Do you know where your shipments are? If they're imports or exports, you'd better have that information because the federal government will soon demand that you share it. For imports, that means supplying information before the goods reach U.S. shores.
The long-awaited cargo manifest rules were published in late July by the U.S. Bureau of Customs and Border Protection (CBP). Federal law requires the new rules to be in place by Oct. 1.
Overall, the proposed regulations appear to have taken into account objections to so-called "straw-man" proposals floated by the agency earlier this year. One of the most worrisome of those straw-man proposals called for 12 hours' notice in advance of most foreign lading, and eight hours in advance of express shipments. Shipper interests objected that those requirements would do serious harm to trade, causing CBP to back away from those timelines and propose less onerous requirements.
The National Industrial Transportation League, which keeps close watch on the federal regulation of cargo transportation, told its members, "Overall the League believes that the proposed rules represent a major improvement for the freight transportation industry as compared to those circulated earlier this year—the so-called 'straw-man' proposals. In most cases, the proposed rules reflect many of the changes offered by the League and other industry groups." At press time,the group was still preparing a detailed analysis of the proposed rules in order to provide comments to CBP by last month's deadline.
The proposed regulations affect all modes of transportation—a significant expansion of regulations governing ocean shipments that have been enforced since February. And they require all shippers to notify the CBP via electronic means before they bring cargo into or send cargo out of the United States. The department claims the information it's demanding "is reasonably necessary to enable high-risk shipments to be identified so as to prevent smuggling and ensure cargo safety and security."
The rules for ocean-going vessels are similar to those already in effect: CBP must receive information on shipments 24 hours before the goods are loaded on a ship in a foreign port. Export information must be transmitted 24 hours before a vessel departs the U.S. port.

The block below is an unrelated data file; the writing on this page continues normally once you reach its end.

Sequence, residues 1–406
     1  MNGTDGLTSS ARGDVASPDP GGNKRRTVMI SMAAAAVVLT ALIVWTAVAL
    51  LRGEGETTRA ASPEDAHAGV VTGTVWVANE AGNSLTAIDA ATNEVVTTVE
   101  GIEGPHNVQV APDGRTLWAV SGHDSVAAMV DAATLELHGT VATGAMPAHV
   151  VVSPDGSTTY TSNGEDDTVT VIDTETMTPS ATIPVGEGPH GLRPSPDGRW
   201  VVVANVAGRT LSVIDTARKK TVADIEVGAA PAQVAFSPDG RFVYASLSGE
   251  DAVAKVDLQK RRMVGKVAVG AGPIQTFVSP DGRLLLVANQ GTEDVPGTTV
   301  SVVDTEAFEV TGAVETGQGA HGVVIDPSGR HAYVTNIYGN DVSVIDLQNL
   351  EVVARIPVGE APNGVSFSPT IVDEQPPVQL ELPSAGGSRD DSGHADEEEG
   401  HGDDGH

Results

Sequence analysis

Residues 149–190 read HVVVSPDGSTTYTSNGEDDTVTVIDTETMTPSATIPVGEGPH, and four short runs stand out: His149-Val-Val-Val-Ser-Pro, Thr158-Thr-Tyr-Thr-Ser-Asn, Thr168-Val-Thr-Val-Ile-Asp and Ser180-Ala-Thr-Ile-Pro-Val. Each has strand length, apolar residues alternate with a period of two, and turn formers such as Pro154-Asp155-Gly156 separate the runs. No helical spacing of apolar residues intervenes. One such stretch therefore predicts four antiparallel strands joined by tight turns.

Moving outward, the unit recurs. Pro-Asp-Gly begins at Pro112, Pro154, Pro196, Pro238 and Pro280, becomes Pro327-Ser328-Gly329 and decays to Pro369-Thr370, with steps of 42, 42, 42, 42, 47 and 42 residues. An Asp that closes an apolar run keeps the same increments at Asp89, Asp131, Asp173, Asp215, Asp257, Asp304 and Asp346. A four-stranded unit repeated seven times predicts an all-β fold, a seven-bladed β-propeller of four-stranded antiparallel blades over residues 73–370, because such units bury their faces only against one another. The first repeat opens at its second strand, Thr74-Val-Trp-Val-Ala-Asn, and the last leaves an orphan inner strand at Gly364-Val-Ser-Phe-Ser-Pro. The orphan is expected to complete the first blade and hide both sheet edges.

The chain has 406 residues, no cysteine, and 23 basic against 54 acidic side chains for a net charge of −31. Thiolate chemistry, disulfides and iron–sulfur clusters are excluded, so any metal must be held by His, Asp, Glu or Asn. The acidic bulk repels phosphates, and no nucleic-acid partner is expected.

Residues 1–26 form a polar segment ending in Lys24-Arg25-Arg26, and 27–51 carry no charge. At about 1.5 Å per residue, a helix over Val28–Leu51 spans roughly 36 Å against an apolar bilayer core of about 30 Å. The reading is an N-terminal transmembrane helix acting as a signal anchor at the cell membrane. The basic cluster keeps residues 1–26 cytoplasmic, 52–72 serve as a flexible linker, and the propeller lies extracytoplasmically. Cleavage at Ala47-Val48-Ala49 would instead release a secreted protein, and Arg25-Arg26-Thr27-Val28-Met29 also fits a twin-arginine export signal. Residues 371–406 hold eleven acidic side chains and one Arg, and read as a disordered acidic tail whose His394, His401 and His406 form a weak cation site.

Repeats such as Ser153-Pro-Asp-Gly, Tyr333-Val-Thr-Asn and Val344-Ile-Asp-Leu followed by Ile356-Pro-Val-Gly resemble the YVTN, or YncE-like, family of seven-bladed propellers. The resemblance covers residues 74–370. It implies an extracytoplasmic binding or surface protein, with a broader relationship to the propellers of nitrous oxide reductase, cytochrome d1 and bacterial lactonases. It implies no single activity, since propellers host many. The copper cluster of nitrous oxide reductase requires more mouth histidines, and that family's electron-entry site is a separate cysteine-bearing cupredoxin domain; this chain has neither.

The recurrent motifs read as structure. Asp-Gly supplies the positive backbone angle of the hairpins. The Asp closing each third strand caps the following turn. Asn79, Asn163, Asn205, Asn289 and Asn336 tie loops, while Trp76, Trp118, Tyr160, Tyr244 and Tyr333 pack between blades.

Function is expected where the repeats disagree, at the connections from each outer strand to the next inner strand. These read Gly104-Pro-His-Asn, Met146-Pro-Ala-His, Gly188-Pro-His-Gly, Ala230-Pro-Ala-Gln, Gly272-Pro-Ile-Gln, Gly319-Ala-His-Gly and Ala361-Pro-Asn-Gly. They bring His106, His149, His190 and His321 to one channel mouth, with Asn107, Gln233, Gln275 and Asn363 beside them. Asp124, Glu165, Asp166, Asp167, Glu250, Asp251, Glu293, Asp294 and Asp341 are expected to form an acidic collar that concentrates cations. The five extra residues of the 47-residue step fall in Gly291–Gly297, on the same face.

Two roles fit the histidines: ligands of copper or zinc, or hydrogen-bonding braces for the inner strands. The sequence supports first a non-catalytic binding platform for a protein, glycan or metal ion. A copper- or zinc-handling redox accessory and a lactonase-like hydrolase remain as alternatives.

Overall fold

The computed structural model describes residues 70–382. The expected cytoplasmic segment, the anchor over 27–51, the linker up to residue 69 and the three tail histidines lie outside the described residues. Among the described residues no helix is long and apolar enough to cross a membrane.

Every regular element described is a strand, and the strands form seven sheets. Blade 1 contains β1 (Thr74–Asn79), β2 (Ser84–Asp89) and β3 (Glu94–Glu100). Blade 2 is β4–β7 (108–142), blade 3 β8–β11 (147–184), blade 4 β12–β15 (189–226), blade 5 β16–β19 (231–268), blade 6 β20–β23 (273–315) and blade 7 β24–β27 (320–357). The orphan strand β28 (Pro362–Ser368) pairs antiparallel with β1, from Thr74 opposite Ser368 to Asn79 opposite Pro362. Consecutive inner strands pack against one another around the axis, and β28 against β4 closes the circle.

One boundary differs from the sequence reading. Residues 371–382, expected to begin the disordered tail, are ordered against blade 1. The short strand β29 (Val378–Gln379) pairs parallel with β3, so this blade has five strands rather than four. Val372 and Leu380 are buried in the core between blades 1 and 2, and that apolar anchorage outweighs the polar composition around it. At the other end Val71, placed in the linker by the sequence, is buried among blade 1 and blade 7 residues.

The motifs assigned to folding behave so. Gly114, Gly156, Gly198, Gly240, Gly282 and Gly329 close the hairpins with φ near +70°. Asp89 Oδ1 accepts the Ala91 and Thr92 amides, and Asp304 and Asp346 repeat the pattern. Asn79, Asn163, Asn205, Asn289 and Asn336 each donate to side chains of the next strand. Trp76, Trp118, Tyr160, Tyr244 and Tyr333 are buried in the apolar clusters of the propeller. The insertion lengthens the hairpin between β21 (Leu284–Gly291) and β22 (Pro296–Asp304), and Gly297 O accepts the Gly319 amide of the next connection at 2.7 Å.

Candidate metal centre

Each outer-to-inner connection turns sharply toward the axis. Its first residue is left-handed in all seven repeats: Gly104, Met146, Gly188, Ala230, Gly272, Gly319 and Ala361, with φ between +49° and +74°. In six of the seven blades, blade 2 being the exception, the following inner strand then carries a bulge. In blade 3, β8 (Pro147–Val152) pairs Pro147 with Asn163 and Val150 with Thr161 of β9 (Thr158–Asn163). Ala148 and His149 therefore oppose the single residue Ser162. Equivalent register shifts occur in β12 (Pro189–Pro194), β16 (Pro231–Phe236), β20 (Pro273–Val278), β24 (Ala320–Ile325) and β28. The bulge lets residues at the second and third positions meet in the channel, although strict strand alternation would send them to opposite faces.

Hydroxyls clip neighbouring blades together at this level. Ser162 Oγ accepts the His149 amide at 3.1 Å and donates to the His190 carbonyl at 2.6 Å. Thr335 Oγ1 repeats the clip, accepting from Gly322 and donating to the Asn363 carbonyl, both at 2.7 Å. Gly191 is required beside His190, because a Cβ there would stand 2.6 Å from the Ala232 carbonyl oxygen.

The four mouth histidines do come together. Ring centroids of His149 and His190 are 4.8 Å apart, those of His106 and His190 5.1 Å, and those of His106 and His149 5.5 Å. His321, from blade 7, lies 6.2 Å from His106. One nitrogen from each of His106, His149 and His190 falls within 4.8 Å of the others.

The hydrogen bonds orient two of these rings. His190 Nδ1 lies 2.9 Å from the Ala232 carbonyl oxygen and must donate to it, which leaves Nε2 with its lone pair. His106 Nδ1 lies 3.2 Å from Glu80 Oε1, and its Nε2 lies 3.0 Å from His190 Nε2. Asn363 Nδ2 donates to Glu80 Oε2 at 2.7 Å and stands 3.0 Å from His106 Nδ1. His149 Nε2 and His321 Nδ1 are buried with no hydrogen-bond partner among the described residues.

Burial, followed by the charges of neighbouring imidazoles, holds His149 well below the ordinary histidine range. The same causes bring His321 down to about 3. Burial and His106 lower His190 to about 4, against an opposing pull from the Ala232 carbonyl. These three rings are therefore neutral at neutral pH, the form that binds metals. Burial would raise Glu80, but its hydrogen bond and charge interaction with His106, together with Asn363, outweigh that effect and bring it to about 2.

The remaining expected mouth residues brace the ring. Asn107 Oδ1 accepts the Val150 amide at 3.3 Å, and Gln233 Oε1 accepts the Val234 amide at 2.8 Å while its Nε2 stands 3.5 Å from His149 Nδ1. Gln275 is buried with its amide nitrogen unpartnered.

For aircargo imports, information must be transmitted four hours before goods arrive in the United States; export data must be sent two hours prior to the scheduled departure. For goods bound for the United States from any location in the Americas north of the equator, the Caribbean or Bermuda, manifest information must be transmitted by the time the aircraft departs.
For inbound rail shipments, data must be sent two hours before arrival at the first U.S. port. Export data must be sent four hours before the attachment of an engine to a train bound for a foreign destination.
Data on both inbound and outbound truck shipments must be transmitted an hour before a scheduled border crossing.
U.S. exports to Canada are exempt from the rule unless the goods must be licensed by the State Department or Defense Department or the goods are bound for a third nation after passing through Canada.
In announcing the proposed rules in the Federal Register, CBP rejected arguments that requiring electronic transmission would impose substantial costs on carriers, noting that most carriers already have in place means to transmit data electronically. The agency said it would explore ways to harmonize reporting data with other federal agencies in order to minimize reporting requirements.
The demands for cargo data are an outgrowth of the government's effort to head off any attempt by terrorists to use the freight system to smuggle in weapons or other contraband using the international freight infrastructure.
The Customs Service, renamed the Bureau of Customs and Border Protection, became part of the Department of Homeland Security as a result of the law that created the department last year.